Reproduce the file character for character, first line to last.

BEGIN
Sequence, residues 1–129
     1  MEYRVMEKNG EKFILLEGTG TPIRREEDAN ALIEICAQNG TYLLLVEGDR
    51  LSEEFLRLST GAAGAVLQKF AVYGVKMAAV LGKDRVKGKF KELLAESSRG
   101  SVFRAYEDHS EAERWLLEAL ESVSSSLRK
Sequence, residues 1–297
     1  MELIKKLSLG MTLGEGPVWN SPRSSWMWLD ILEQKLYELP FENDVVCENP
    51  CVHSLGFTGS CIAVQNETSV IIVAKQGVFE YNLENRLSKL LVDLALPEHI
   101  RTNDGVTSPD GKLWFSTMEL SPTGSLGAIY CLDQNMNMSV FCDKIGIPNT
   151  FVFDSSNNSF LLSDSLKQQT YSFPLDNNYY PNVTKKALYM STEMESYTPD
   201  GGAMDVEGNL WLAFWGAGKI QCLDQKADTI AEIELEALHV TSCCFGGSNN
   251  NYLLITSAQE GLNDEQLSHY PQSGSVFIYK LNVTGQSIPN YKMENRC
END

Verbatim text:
Sequence, residues 1–129
     1  MEYRVMEKNG EKFILLEGTG TPIRREEDAN ALIEICAQNG TYLLLVEGDR
    51  LSEEFLRLST GAAGAVLQKF AVYGVKMAAV LGKDRVKGKF KELLAESSRG
   101  SVFRAYEDHS EAERWLLEAL ESVSSSLRK
Sequence, residues 1–297
     1  MELIKKLSLG MTLGEGPVWN SPRSSWMWLD ILEQKLYELP FENDVVCENP
    51  CVHSLGFTGS CIAVQNETSV IIVAKQGVFE YNLENRLSKL LVDLALPEHI
   101  RTNDGVTSPD GKLWFSTMEL SPTGSLGAIY CLDQNMNMSV FCDKIGIPNT
   151  FVFDSSNNSF LLSDSLKQQT YSFPLDNNYY PNVTKKALYM STEMESYTPD
   201  GGAMDVEGNL WLAFWGAGKI QCLDQKADTI AEIELEALHV TSCCFGGSNN
   251  NYLLITSAQE GLNDEQLSHY PQSGSVFIYK LNVTGQSIPN YKMENRC